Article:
“All over the world we find that similar wants evoke similar ideas; and, as far off as Kashmir, there are to be found iron bowls used as lamps in cottages, whose long suspending stems of twisted iron exactly resemble those of the Scotch crusie. The crusie was to be found in many varieties. In its most perfect form it was hand-made, the pans for the oil being beaten out of thin sheets of metal in stone moulds, and comprised two pans, one for the oil and wick, the other beneath it to catch the overflow. The lower pan was affixed to the suspending stem of twisted iron, while the upper one was attached to a ratchet, which allowed its angle of inclination to be varied as the oil burned lower. Various forms of crusie were then shown, as well as other early lighting appliances, such as clips for holding the rushlights, and pine-slips which were used as primitive candles.
The lecturer, in referring to the persistence with which the rude appliances of primitive times survive long after the inventions of science ought to have banished them into museums, instanced the fire-stick still to be found in use among savages, and the clip and rushlight which he actually found in use last year in a Yorkshire stable”. – The Academy. May 12, 1894.
Sir George Watt said of a crusie, or cruisie, lamp that it followed the rush light which he held as the earliest form of illumination. In England it was to be seen down to the close of the eighteenth century, and was generally known as the cruisie. It was made of stone, metal, or pottery, in the shape of an oblong shallow basin with a tapering spout or nozzle at one end, in which the wick rested, and a rounded, somewhat deeper, portion behind in which the oil was mainly contained.
He agreed with earlier writers, that the design of the crusie had been influenced by the shape of bivalve shells, specifically in some cases, the whelk, which had been used for lighting in parts of Europe. – A Dictionary of the Economic Products of India. Vol. 5. 1891. London.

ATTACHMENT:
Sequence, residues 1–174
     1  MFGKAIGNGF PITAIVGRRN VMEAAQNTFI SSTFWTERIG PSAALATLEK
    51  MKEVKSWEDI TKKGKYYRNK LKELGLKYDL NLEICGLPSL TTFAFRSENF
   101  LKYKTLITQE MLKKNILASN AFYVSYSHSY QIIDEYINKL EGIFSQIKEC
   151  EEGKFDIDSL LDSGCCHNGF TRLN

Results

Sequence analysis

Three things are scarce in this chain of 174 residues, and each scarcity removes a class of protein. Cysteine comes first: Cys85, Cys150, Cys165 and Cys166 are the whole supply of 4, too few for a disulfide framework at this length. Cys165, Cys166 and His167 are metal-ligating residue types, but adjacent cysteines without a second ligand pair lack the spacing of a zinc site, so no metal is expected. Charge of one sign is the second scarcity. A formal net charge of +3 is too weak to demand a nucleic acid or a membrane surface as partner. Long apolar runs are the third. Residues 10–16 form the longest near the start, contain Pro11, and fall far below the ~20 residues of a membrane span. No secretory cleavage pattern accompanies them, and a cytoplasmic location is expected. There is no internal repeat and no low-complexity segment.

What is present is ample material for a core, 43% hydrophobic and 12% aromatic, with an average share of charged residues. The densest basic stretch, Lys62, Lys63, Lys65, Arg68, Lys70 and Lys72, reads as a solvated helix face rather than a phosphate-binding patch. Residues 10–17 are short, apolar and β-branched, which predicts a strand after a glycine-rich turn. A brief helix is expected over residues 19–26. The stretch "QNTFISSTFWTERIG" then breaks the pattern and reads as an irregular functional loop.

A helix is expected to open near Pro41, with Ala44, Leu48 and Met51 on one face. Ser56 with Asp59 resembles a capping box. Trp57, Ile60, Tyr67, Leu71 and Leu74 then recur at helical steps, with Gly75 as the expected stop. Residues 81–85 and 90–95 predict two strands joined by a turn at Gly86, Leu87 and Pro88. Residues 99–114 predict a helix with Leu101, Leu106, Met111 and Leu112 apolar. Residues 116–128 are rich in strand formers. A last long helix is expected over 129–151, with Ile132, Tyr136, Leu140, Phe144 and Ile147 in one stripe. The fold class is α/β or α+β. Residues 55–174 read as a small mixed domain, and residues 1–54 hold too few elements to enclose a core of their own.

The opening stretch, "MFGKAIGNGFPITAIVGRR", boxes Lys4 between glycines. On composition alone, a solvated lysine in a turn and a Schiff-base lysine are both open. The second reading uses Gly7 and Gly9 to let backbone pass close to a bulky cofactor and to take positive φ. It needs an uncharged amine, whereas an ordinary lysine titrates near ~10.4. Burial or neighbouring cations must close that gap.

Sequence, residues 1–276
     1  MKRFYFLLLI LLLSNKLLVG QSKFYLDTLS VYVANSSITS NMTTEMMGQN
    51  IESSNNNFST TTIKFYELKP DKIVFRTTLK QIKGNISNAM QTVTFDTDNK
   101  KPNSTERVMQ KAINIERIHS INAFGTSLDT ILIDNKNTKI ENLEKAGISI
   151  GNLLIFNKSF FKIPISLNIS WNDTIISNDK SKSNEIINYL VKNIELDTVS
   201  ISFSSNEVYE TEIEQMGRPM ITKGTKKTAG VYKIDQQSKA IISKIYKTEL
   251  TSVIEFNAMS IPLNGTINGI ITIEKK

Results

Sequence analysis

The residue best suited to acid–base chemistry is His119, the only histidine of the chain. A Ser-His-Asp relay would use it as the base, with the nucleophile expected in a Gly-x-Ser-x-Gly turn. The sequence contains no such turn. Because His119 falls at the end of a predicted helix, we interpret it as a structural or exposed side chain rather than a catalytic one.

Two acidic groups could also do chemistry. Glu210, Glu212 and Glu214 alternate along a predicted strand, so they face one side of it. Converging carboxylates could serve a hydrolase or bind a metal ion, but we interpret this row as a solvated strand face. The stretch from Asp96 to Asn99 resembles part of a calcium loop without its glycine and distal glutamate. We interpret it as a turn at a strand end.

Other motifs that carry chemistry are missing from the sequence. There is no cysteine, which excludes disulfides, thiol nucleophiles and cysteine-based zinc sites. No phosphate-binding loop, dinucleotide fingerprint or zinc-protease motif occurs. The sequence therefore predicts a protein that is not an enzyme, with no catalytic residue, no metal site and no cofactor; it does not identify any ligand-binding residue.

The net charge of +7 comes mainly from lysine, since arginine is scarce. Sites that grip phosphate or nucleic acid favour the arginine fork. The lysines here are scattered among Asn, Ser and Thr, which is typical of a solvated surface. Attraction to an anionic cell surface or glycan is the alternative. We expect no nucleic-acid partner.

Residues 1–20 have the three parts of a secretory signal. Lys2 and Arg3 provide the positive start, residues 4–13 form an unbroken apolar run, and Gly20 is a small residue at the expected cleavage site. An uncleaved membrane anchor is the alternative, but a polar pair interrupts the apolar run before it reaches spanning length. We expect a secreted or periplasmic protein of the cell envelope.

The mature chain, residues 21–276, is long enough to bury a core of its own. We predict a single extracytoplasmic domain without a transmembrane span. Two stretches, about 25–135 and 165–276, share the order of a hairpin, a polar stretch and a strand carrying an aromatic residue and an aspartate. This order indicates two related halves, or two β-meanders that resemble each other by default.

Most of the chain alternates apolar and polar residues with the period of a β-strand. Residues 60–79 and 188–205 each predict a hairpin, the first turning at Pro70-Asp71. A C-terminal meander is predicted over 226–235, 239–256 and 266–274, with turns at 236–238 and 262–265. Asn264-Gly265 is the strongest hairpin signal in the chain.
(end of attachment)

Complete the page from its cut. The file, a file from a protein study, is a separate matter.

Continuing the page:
The Betty-lamp was described as a shallow receptacle, circular or oval in shape, with a projecting nose an inch or two long. Grease was put in the cup part and the wick of twisted rag had one end in the grease. The other, lighted, rested on the nose. They were made from clay, pewter, iron, copper, and bronze. – The Connecticut Magazine. Vol. 9. No. 1.
The Betty Lamp was hung on a nail or back of a chair by means of the attached hook. The lamp could also be hung from a rafter or a peg. The light could be raised or lowered by using a wooden ratchet. The ratchet was made of two strips of wood, one cut with saw-teeth edge, which could be raised or lowered to place the lamp at the desired height. Most had a metal pick attached to them which was used to retrieve the wick should it drop into the oil. – Morse, Frances Clary. Furniture of the Olden Time. 1920. NY.
The lamps burned lard, fish oil, whale oil, or even fat scraps. The brightness of the lamp depended on the type oil used. How much smoke the lamp produced also depended on the type of oil being used. Although they were brought from Europe until iron foundries were established in this country, the grease lights were common in America. ©
– Victoria Rumble, thehistoricfoodie.wordpress.com